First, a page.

We recommend using a barbecue rub blend or make your own with black pepper, garlic powder, brown sugar, white sugar, and paprika (for color). Experiment with your measurements to dial in the flavor you desire but here’s some basics to get you started:
Mix well and combine in a spice shaker. Then spread liberally all over the front and back of the rack of ribs. Be sure to “rub” the rub into the ribs to make sure they stick.
The ingredients themselves can be added in and taken away but be sure to use some type of sugar, black pepper, and paprika for a nice bark with great color, flavor, and texture.
It’s important to note that the key to smoking ribs is cooking them low and slow (low temperatures for a long time) over indirect heat. This means that the ribs are not exposed directly to the flame. If you have a Country Smokers Pellet Grill, then there is no need to worry since the heat shield built into the grill covers the flames and distributes the heat evenly. Simply throw the ribs onto the grill grate and you are ready to go.
There are three basic techniques to smoking ribs. 3 2 1, 2 2 1, and no wrap. The “2” in 3 “2” 1 and 2 “2” 1 refers to the 2 hours your ribs will be wrapped in either butcher paper or aluminum foil. No wrap, means you throw them on the grill and leave them be for the duration of the smoke with the optional exception of spritzing them with liquid every so often. The method you choose depends on how tender you wish your ribs to be.
The 3 2 1 method can be basically described as this:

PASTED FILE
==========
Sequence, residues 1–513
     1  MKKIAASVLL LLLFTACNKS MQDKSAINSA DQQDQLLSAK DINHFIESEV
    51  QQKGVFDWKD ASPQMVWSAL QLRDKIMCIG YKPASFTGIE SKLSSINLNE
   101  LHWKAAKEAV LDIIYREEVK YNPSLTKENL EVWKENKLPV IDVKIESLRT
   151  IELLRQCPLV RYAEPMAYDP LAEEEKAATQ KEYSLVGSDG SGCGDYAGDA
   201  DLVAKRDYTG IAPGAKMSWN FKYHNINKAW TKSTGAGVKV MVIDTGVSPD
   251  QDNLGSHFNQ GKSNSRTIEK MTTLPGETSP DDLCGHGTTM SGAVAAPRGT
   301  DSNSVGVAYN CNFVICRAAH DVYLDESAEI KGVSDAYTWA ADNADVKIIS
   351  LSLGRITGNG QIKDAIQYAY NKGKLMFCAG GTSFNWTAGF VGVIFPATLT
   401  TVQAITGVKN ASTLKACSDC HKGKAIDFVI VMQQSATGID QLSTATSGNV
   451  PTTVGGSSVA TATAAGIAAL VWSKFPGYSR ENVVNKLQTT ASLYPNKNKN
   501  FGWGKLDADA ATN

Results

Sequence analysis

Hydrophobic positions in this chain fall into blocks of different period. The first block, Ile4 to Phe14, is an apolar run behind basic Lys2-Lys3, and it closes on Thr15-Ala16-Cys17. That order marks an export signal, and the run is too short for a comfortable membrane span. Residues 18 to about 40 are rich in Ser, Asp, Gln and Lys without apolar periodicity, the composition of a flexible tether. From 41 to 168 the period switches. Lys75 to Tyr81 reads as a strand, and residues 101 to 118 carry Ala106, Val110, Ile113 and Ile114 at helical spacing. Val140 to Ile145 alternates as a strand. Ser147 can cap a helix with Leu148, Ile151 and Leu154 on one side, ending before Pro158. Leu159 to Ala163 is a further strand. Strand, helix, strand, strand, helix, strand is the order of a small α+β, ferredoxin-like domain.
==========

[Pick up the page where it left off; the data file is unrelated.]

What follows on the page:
People generally use this method for rib meat to be soft, buttery, and fall of the bone. It also renders more smoke flavor than 2 2 1 since more time is spent cooking while unwrapped.
The 2 2 1 rib method is the same as the 3 2 1 method with the only difference being the initial unwrapped cook time is 2 hours instead of 1. This produces meat that has a little more bite or chew to it. There is also little less smoke flavor due to the time it is unwrapped on the smoker.
If you are wanting to wrap your ribs for fall off the bone tenderness, we recommend cooking spare ribs using the 3 2 1 method while cooking back ribs with the 2 2 1 method. 3 2 1 renders baby backs a little too mushy in our opinion.
For either method it is best to apply a little butter and liquid into your wrap. Top the ribs with a small square of butter for every 4 ribs and then put a small pool of liquid (we recommend apple cider vinegar and Worcestershire sauce) in the bottom of the wrap. Then seal tightly and place back on the grill
During this last hour you can do a few different things:
It’s important to note that many smokers have experimented with varying the 3 2 1 and the 2 2 1 method. And, it's not hard to imagine what those variations would be. Some try a 3 1 1, some do a 2 1 1, others a 2 2 0.5. It just goes to show that it can pay to experiment with these timings to dial in your own rib masterpiece recipe.
The last technique we’ll cover is not wrapping your ribs at all and smoking them all the way through until they’re done. We recommend spritzing or mopping with liquid every 30 minutes after letting it smoke untouched for 2 to 3 hours. This allows plenty of time for a nice bark to form and smoke to flavor your meat. If you like sauce, be sure to apply and caramelize once it has reached your desired tenderness. It should take anywhere from 4 to 6 hours to smoke your ribs unwrapped.
Smoking ribs has never been easier than on a Country Smoker. Simply turn your dial to the desired temperature, place your ribs on the grill grate, cover and let them cook away. Return to deliciously juicy and tender ribs that you will crave again and again. It really is just that simple.